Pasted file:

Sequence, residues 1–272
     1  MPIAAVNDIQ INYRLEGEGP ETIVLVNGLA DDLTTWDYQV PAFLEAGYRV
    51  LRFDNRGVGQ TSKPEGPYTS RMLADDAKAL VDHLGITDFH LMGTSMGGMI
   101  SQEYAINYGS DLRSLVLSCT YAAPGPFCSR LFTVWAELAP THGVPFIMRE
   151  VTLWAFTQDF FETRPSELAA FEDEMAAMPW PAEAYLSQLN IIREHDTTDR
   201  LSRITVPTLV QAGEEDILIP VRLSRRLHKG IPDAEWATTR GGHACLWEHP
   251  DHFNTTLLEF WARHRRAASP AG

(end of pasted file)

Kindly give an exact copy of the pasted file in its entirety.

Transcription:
Sequence, residues 1–272
     1  MPIAAVNDIQ INYRLEGEGP ETIVLVNGLA DDLTTWDYQV PAFLEAGYRV
    51  LRFDNRGVGQ TSKPEGPYTS RMLADDAKAL VDHLGITDFH LMGTSMGGMI
   101  SQEYAINYGS DLRSLVLSCT YAAPGPFCSR LFTVWAELAP THGVPFIMRE
   151  VTLWAFTQDF FETRPSELAA FEDEMAAMPW PAEAYLSQLN IIREHDTTDR
   201  LSRITVPTLV QAGEEDILIP VRLSRRLHKG IPDAEWATTR GGHACLWEHP
   251  DHFNTTLLEF WARHRRAASP AG